25 January 2010

Jason Dias Throws Down the Guantlet

Some articles make you say "hmmmm." Some make you say "duh." Others make your eyes get big, your jaw drop, and your hands fidget. The following Op-Ed piece by Jason Dias did exactly that to me. Read it. Internalize it. React to it. I'm curious to hear your thoughts.

Full story.

9 comments:

Clay said...

Well, he's certainly got a point on CUNA, NCUA, and the corporates.

Ron Shevlin said...

I read the article you linked to not long after I read the article on The Financial Brand about a "national branding campaign for CUs".

My first reaction to the Dias article was "oh man, what a disconnect."

His article was proof to me that a national CU branding campaign is doomed before it can even be conceived or funded.

As for Mr. Dias' comments about smaller, forward-thinking CUs out there innovating, he may be right, but I think he's over-generalized. Plenty of smaller CUs aren't innovating, while plenty of large ones do.

The difference between the innovators and non-innovators lies in three attributes: 1) risk tolerance; 2) senior management commitment to change/innovation; and 3) business/IT coordination.

Being small doesn't guarantee those three attributes.

Denise Wymore said...

Let's face it, the credit union world, not unlike the banking world believes that bigger is better. Hell, the chief economist at CUNA a few years back was declaring a CU must be $500 million in assets or they will not survive. CUNA has always kowtowed to the mighty billion dollar babies. They have a special club just for them. Do they have one for the $50 million and under? Nope.

And now Too Big To Fail gave America a giant sh*t sundae to choke on.

I think what Jason is saying is this.... his credit union, on their own, is making a difference to young kids. While CUNA continues to plod along churning out the same old same old each year. And I love that he did the math for us all - Gen Y turns 30 this year! Credit union members are pushing 50.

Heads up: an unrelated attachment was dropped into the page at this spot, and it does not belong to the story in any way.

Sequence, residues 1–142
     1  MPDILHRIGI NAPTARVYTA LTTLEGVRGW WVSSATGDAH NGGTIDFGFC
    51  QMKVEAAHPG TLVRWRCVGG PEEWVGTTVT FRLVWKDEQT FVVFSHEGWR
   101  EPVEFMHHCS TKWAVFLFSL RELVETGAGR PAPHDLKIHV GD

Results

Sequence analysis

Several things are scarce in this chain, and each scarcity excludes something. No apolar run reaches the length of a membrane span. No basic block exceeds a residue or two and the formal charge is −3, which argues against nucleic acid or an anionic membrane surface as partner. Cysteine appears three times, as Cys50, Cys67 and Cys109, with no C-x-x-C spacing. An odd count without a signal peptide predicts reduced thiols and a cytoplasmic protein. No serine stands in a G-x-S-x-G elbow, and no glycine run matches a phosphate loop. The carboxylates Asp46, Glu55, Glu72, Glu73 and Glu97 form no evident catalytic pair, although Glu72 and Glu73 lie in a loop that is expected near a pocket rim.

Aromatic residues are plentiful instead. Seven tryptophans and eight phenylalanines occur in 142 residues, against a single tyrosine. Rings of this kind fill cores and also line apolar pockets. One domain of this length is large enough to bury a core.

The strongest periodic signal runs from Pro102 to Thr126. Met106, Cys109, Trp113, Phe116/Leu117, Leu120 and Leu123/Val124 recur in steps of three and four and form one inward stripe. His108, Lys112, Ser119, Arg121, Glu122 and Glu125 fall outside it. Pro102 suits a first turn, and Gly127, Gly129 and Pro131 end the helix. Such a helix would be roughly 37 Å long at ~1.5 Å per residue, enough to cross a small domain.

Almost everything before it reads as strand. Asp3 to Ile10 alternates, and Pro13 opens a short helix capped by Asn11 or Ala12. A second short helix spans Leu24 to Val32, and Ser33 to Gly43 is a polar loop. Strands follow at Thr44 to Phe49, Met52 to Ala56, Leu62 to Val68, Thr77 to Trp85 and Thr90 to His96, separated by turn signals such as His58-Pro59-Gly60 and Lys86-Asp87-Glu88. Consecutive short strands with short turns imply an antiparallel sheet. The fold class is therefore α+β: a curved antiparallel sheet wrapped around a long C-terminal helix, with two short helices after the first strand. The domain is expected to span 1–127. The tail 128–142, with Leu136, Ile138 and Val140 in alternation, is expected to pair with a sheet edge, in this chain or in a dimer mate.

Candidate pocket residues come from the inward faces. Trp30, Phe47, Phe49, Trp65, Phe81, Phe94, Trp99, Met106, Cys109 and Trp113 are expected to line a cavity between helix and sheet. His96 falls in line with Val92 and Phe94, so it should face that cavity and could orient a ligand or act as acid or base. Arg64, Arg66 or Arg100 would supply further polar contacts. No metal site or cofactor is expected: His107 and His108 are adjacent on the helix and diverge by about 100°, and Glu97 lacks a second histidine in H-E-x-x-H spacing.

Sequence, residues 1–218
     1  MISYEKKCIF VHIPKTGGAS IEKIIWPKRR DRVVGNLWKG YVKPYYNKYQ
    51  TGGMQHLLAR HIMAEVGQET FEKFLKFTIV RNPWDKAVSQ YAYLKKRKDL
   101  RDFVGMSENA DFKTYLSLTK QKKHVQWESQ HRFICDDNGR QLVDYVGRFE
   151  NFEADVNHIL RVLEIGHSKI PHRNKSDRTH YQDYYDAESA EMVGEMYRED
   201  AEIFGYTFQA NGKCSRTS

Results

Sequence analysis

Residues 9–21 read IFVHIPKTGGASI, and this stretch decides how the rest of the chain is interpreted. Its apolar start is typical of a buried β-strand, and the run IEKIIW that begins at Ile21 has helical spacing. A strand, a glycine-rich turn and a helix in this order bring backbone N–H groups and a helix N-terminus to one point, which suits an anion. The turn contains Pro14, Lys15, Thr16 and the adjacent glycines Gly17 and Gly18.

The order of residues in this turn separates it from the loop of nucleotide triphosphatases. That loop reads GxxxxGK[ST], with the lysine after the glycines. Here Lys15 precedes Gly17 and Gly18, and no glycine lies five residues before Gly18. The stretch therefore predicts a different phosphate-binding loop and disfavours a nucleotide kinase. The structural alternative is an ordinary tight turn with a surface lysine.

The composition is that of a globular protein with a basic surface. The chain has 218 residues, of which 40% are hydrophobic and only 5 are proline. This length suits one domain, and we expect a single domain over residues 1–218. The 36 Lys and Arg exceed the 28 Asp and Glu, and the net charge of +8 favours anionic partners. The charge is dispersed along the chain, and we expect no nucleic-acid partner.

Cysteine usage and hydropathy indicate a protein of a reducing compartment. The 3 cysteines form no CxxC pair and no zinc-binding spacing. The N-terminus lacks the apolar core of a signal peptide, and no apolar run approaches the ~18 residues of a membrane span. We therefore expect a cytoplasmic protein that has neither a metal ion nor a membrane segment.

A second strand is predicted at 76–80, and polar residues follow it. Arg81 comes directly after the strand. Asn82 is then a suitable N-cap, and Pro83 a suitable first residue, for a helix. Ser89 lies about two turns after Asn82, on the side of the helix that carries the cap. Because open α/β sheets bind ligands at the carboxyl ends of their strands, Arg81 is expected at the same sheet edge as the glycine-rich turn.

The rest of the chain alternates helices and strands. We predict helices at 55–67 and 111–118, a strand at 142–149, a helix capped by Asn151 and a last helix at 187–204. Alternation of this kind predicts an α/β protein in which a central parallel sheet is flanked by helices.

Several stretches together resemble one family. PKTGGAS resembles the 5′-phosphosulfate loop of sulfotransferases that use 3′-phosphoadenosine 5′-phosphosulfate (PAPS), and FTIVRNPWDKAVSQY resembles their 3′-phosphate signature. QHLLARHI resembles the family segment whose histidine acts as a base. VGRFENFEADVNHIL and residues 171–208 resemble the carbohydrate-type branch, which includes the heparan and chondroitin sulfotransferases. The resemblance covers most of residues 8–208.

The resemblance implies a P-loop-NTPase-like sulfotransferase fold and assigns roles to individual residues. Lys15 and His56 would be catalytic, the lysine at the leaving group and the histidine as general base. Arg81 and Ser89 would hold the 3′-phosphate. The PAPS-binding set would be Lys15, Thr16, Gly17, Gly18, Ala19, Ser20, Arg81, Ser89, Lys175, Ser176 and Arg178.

We are literally dying of old age....old ideas......old ways of thinking........

Ondine Irving said...

I have known Jason for over eight years. He has spoken at my seminars and is a very dynamic individual, has very strong opinions and is not afraid to opening himself to criticism. I admire Jason for taking the leap in not holding back in stating what is often lacking in this industry - the lack of innovation and acceptance of mediocrity. I tend to agree with much of what he has said. It further demonstrates that individuals within this industry are having more impact than the conglomerates wrapped up in their own political ego building empires. And again, that would be a topic for another time. The national branding campaign....think I need to re-start my own blog for a commentary on that one! ;-)

Jeffry Pilcher said...

Ignoring my personal feelings about the subject, I truly believe that there will never be any kind of national campaign for credit unions. If I'm wrong, I'll gladly eat my words.

Matt, the Credit Union Warrior said...

My reaction is very similar to Ron's. It's easy to blame the establishment for all of the movement's ills. It's not as easy to do that as publicly as Jason did, but it's still easier than, say, actually doing something about it.

I admire Jason's guts in writing this piece, and agree with various portions of it. I just wish, like Ron eloquently pointed out, that he didn't outright dismiss innovation efforts by some very progressive large credit unions. Chetco sounds like they have their act together. But to move the needle for the entire movement, we need to make sure we are focusing on the right things. A white paper isn't preventing innovation. Financial literacy concerts, by themselves, will not save our system.

My take? It's more productive to encourage better behavior with practical suggestions, than smear others with gross generalizations. Credit unions need to do a better job of putting new ideas into action, there's no doubt about it. That said, credit unions aren't doing as bad of a job in terms of innovation as we tend to think. There are pockets of inaction (deep pockets, even), but there are also some brave credit unions who despise status quo. Let's focus on singing the praises of the latter group. The others will follow...or fade away.

Jason Dias said...

This is my last comment on the matter. I did not mean to imply that big CUs are not doing innovative things. Some always have. Therefore they are not in need of a renaissance. And it was an op/ed, not a news story. What you call a gross generalization, I call a touch of hyperbole. If I walk up to an overweight person and tell them they need to lose 20 pounds, that may be insulting. But if they listen, work hard, endure some pain and lose the weight, the trasnformation is positive. But it started with an insult. BTW, we rocked North Carolina our way this week. Ask anyone who was there. Contact the league. Eloquent Online is on the edge, won't you join us?

Jeffry Pilcher said...

This level of self-confidence -- with zero humility and no apologies -- isn't for everyone.

Hilary Reed said...

Matt, I wholeheartedly agree with what you stated in your comment. AND, I also agree with what Jeffrey said, "This level of self-confidence -- with zero humility and no apologies -- isn't for everyone."
You won't get very far in this business by insulting people, AND the industry they love. You know what they say...opinions are like....well, you get the point.